Teaching Gas Laws Without Equations

New tweets fly by in my Twitter feed so quickly that I feel like I catch only a small portion of what’s shared.  Who’s got time to sit there and read all those tweets?  But catching this tweet was a gem.  The tweet was simple enough; a posted video about teaching gas laws without having to use equations.  Hmmm… interesting idea.  Especially with NGSS on my mind.  This school year I’ve focused on removing memorization and building science and engineering skills.  I’ve also struggled with how to integrate gas laws into my curriculum when gases aren’t mentioned in the NGSS document.  This lesson allowed me teach gas relationships and incorporate SEPs.

The tweeted video by Scott Milam demonstrated a method of teaching gas laws using three simple steps:
1.  Create simple chart with the variables P, V, T, an n written across the top.  The order of the variables doesn’t matter (which I love because there’s no memorization).  The purpose of this chart is simply to help the student organize information from the question.
2.  Determine how changing one variable ought to change the second variable.  For example, if pressure increased then students know volume should decrease based on the inverse relationship.  I made my students think through the relationship and use up/down arrows to show what should happen to the dependent variable.  (See picture of student test below.)
3.  Take the variable that is changing and create a “multiplier”.  Let’s use this simple gas law problem as an example:

A gas occupies 12.5 liters at a pressure of 480.0 mm Hg. What is the pressure of the gas when the volume is decreased to 8.4 liters?

Based on the question students should consider the size of the container and how it changes.  In this example the volume of the container is shrinking.  If there’s less room to move around then the particles of gas will collide with the container more frequently.  More collisions equates to a greater pressure.  This conceptual understanding leads students to a MULTIPLIER.  The pressure needs to increase.  We need to create a ratio of the initial pressure and final pressure that gives a multiplier that is greater than one.  Due to the inverse relationship the pressure should increase by the same factor that the volume decreases.  Here are the two options:

Option 1:  P =  480.0 mmHg   x (12.5 liters/8.4 liters)      
This multiplier gives us a number greater than one.  This would make the pressure increase.      

Option 2:  P = 480.00 mmHg x (8.4 liters/12.5 liters)
This multiplier gives us a number less than one.  This would make the pressure decrease.

My students easily understood that Option 1 would make the pressure increase and therefore the calculation should be done that way.  An excerpt of student work on our test is shown below:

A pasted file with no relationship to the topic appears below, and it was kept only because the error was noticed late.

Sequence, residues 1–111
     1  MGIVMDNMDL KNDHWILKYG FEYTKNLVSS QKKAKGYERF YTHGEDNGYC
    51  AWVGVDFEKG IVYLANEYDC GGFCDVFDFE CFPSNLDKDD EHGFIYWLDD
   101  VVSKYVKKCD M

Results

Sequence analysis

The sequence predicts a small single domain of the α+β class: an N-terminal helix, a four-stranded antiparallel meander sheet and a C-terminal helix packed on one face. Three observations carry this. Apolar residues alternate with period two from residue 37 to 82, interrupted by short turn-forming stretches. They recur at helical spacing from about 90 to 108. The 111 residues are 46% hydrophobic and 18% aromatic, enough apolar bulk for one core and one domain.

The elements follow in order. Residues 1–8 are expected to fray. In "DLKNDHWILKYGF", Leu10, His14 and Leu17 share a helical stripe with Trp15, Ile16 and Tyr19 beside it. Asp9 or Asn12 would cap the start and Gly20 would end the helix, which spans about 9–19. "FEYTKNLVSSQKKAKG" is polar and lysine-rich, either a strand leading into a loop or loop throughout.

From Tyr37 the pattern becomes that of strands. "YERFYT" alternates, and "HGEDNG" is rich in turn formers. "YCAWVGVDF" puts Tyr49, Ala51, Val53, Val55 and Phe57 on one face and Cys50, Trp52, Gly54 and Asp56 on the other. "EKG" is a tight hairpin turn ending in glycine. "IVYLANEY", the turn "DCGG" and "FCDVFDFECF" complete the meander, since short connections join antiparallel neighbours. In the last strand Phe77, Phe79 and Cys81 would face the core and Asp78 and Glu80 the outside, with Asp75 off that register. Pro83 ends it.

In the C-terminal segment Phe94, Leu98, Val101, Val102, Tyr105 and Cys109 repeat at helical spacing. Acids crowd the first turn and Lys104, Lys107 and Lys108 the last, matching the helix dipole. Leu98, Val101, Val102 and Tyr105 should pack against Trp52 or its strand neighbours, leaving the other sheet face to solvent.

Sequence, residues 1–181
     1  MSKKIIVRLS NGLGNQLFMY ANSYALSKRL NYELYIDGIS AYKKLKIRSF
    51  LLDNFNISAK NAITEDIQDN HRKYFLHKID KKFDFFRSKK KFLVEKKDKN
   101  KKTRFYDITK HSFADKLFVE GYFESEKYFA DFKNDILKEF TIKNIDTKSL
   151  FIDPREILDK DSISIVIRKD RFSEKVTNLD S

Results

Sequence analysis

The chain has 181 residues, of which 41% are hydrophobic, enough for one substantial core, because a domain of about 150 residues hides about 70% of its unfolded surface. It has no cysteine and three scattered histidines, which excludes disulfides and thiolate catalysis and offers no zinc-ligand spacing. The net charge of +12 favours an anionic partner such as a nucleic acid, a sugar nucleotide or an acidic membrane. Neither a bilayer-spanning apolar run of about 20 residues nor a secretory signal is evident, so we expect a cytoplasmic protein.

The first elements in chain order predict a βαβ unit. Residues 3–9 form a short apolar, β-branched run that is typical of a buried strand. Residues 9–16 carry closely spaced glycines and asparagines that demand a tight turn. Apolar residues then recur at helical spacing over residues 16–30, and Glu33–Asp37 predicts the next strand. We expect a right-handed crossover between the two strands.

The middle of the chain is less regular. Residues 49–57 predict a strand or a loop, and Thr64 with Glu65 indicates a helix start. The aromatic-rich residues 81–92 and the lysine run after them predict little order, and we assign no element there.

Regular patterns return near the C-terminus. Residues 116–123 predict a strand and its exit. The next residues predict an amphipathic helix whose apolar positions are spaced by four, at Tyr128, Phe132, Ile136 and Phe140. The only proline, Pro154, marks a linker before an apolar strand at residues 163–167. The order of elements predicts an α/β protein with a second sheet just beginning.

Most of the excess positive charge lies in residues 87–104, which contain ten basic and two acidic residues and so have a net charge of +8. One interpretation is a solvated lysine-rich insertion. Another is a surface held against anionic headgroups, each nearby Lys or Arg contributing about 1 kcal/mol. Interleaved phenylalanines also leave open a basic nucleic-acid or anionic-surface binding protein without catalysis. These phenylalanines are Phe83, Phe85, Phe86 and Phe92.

I loved this method of teaching gas relationships for two reasons:
1.  Gas laws are not mentioned in NGSS!  
I spent my winter break last December combing through the NGSS manual.  My initial thought was “Why are so many things missing???!!”  I panicked thinking that I would have to change my entire curriculum.  Slowly I realized that I didn’t have to lose my beloved content.  NGSS simply gives us guidelines on the skills that need to be taught.  I realized I could incorporate core topics of chemistry by adjusting the way I taught them.  I didn’t feel like I was sacrificing curriculum by teaching gas relationships in this way.  In fact, I felt like the method enhanced their understanding.

2.  This method involved Science and Engineering Practices 5 & 6
SEP-5 (Using Mathematics and Computational Thinking) expects high school students to use “algebraic thinking and analysis… to analyze, represent, and model data.”  This practice focuses on the use of math and logic to make quantitative predictions. SEP-5 encourages the use of computers in the lab to collect and measure data to look for patterns (my students were analyzing pressure/volume data from a Boyle’s Law Vernier lab).  Within this context my students were able to take particle models of gas molecules and build a conceptual understanding of an inverse relationship which ultimately allowed them to build the mathematical relationship.

SEP-6 (Constructing Explanations and Designing Solutions) expects high school students to
“construct and revise an explanation based on valid and reliable evidence obtained from a variety of sources (including students’ own investigations).”  Again, in the context of this lab experience, students developed a quantitative claim regarding the inverse relationship between the independent and dependent variables based on evidence.

For the critics of this method I will state that there’s nothing wrong with teaching the gas law equations.  If time permits I will discuss PV = nRT later in the year (after I’ve taught my students the definition of a mole).  I changed over to the “multiplier” method this year because gas relationships fit perfectly into my Matter Unit, where we studied solids, liquids, and gases.  It also seemed like an awesome opportunity to challenge my students to think mathematically.

You can find the gas law video by Scott Milam below:
A Better Way to Calculate P V n and T

You can find a copy of my Boyle’s Law Vernier Lab below.  It includes particle modeling but I never have my kids plug into Boyle’s Law to perform calculations:
Boyle’s Law Vernier Lab

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About Tanya Katovich

I am a proud mother to three beautiful girls and two dogs (one naughty, one nice). Currently serving as Vice-President on the NISE Board of Directors. Incredibly proud of winning the CICI Davidson Award in 2015. I love presenting, whether it's at NSTA conferences, workshops for teachers, ChemEd, or private consulting. I am National Board Certified in HS Chemistry,